Chicago food scientist hopes to cure diabetes, high blood pressure in neediest communities

A Chicago food scientist is bridging the gap in the city’s food deserts.

She is hoping she can cure the diabetes and high blood pressure that so many Chicagoans suffer in Black and brown communities.


Stacey Minor was one of the first African American women to work for food company Monsanto. Now, she is taking her knowledge and using it in Chicago’s neediest communities.

"When you're eating it, it kind of takes you back to the old school dinner table when you’re having your Sunday dinner," Minor said.

Minor is the founder of Sweet Potato Patch, which is a meal delivery service operating on the South Side. She uses produce that major retailers will not take and turns it into gourmet heat and serves meals -- and produce bags.

Much of the food comes from minority farmers.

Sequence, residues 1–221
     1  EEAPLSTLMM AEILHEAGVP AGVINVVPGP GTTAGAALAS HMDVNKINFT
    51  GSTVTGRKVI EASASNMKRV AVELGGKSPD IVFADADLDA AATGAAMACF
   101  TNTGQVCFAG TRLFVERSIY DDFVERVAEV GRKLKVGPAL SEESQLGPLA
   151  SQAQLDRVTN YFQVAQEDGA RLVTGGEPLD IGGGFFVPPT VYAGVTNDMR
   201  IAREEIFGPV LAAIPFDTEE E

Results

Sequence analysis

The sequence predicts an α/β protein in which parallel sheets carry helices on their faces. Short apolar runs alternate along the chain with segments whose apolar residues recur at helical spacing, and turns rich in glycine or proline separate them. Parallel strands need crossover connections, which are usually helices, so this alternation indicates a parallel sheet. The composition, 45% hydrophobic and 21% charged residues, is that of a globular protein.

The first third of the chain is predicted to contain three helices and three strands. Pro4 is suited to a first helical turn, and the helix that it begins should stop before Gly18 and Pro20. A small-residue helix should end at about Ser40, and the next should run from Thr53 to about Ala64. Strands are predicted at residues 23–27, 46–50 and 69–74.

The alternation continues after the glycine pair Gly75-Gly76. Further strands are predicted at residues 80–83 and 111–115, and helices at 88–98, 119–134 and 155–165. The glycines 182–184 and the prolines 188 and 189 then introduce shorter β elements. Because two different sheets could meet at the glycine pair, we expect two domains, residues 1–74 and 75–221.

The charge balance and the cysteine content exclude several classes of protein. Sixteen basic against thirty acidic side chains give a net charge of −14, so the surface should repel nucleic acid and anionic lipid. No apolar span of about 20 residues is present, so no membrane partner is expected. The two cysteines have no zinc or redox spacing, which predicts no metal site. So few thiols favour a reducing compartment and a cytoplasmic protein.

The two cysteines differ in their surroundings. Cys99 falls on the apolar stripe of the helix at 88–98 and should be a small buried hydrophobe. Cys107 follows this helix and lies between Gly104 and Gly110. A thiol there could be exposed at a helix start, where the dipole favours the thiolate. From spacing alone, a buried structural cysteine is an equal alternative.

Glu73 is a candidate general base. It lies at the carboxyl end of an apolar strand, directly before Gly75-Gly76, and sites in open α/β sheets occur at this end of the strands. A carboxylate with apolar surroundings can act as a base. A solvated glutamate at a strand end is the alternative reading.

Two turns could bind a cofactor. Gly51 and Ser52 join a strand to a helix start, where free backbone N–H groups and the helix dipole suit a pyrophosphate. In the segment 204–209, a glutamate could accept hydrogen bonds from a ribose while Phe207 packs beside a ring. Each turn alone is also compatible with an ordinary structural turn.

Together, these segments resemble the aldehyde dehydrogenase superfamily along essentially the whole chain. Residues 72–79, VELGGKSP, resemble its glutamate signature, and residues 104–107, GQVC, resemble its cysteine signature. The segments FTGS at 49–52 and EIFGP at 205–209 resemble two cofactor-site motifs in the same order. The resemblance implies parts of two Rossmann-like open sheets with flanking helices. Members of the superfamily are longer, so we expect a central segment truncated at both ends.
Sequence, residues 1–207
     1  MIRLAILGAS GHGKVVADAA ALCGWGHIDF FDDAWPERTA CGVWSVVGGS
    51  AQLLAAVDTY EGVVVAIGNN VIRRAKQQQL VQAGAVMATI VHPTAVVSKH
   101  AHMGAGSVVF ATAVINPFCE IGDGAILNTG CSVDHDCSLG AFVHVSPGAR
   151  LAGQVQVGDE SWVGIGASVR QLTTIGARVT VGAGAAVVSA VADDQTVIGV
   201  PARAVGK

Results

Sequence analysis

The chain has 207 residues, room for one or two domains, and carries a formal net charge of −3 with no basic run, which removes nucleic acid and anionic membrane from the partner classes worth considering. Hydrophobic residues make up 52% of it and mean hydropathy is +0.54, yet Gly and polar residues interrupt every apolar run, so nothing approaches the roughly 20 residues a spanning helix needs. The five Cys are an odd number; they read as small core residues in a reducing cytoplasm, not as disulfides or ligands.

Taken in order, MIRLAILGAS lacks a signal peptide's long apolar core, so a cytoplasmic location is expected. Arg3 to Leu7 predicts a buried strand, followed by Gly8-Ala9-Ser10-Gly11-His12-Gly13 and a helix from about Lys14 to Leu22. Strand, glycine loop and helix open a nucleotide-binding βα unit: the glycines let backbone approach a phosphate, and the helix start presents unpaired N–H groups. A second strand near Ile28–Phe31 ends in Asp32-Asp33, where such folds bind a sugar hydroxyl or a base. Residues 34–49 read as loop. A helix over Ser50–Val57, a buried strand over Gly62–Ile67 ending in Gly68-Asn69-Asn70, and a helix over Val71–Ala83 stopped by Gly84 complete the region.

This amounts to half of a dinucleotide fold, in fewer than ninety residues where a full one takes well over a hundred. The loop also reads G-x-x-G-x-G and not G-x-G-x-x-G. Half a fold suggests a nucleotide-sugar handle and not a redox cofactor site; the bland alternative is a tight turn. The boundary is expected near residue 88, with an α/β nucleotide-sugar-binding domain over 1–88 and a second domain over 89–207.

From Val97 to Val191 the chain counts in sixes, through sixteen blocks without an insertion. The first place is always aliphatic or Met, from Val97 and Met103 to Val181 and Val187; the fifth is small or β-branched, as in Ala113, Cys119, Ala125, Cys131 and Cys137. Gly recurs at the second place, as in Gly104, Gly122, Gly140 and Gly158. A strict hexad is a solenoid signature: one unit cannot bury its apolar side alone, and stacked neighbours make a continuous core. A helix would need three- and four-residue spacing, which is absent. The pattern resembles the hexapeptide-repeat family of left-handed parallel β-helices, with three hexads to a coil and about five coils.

"I thought, that's a shame, we have food deserts, we can't get the healthy food and they can't sell it," Minor said.

The meals are delivered right to your door each week.

Rocky became a return customer after battling COVID-19.

"They were delicious, they were very good. I won't say better than my wife's cooking, I won't get myself in trouble," he said.

Minor is working with insurance companies who pay for the meals to be delivered to disadvantaged Chicagoans. She is also part of a study, providing the meals to pregnant women. Results show fewer miscarriages and healthier moms.

"Those foods are a combination of vegetables and fruits and meats that scientifically can help reverse damage to cells," Minor said.

The produce bags start at $25. The meals are $12.99 each. You can find them online at